Through this topology, I want to decrease the buffer size of R2 in order to generate an ICMP Source Quench Message, but I have no idea how to do it. I'm open to other suggestions to generate a Source Quench Message.

I'm using: Cisco Internetwork Operating System Software IOS (tm) 2600 Software (C2691-ENTSERVICESK9-M), Version 12.3(16)

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  • Did any answer help you? If so, you should accept the answer so that the question doesn't keep popping up forever, looking for an answer. Alternatively, you can provide your own answer and accept it.
    – Ron Maupin
    Aug 6 '17 at 20:43

First, understand that you are doing something that you will likely never see in real life. I don't know if routers will even generate source quench responses.

Here is a document that discusses how to adjust buffers. I will quote only one sentence which summarizes the doument and my thoughts succinctly:

Note: Normally, interface buffers should not be tuned.


It is possible, but as Ron Trunk pointed out, it is not a good idea to do it by messing with the hardware. You can use QoS to do this also. Something like:

policy-map Test
 class class-default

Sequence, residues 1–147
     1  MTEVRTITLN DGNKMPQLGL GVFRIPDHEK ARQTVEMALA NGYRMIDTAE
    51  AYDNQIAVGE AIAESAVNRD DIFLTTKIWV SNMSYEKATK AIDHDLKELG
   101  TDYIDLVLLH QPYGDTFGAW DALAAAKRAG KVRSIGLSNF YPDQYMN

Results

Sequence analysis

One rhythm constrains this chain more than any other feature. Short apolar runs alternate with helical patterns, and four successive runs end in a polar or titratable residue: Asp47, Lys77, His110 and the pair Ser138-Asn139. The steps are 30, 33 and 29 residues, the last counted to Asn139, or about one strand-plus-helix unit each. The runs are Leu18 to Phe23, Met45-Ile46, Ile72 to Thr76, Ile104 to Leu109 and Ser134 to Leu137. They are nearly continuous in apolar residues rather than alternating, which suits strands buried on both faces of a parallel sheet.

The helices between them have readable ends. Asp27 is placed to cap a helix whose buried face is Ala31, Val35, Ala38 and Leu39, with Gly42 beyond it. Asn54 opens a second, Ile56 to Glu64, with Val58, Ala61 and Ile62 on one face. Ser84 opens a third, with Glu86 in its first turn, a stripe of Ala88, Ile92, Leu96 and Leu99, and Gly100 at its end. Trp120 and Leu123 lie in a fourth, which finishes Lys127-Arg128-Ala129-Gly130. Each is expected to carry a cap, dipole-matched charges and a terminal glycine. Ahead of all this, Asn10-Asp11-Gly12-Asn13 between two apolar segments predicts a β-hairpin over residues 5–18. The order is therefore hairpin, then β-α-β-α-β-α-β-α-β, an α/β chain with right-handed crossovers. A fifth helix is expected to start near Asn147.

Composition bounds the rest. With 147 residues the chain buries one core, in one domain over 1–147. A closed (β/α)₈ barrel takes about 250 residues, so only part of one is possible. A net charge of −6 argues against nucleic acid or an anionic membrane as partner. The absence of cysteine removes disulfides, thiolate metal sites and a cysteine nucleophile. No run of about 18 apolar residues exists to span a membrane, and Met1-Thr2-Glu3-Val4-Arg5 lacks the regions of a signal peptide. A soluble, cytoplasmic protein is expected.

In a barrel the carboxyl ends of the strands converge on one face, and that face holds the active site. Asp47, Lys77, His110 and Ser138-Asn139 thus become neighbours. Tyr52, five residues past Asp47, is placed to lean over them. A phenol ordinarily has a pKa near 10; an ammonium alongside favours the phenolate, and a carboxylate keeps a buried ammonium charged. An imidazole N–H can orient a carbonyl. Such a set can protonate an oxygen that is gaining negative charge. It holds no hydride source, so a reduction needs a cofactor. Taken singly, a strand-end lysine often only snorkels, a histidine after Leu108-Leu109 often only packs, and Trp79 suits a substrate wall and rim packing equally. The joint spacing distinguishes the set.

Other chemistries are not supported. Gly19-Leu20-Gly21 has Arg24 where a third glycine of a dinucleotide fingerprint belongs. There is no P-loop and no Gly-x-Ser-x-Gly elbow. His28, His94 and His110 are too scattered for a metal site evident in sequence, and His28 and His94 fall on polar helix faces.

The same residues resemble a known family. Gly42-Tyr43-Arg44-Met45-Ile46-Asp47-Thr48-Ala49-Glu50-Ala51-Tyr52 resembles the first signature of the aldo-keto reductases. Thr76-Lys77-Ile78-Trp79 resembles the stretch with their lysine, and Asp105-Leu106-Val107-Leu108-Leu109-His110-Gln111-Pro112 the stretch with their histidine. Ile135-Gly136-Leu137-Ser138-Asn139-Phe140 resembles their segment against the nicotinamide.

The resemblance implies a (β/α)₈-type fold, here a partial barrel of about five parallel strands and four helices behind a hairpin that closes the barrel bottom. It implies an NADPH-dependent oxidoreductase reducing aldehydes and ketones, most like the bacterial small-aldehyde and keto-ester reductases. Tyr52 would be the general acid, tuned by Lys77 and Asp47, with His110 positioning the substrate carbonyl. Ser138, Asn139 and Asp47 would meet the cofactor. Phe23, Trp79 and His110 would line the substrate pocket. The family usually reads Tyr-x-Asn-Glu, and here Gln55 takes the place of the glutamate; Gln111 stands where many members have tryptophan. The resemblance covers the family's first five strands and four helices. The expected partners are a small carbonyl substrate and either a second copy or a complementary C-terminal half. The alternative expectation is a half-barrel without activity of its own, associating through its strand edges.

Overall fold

queue-limit <low> <high>

interface Serial0/0
 service-policy output Test

Cisco IOS Quality of Service Solutions Command Reference, Release 12.2

  • I think he needs to adjust input buffers, not output.
    – Ron Trunk
    May 11 '16 at 23:29
  • That could be. Input on one side, or output on the other, or for a test, mess with the hardware. Between us, we gave him some options and stuff to learn :)
    – Ron Maupin
    May 11 '16 at 23:31
  • I'm still performing the tests, I'm doing it for my article about ICMP, so I have to generate source quench message now
    – TMoraes
    May 11 '16 at 23:54
  • you know, I was using hold-queue limiting to 1 packet, thus when input queue is full and CPU is not able to process the packet, the router'd drop these packets and I'd receive source quench message.
    – TMoraes
    May 12 '16 at 0:26

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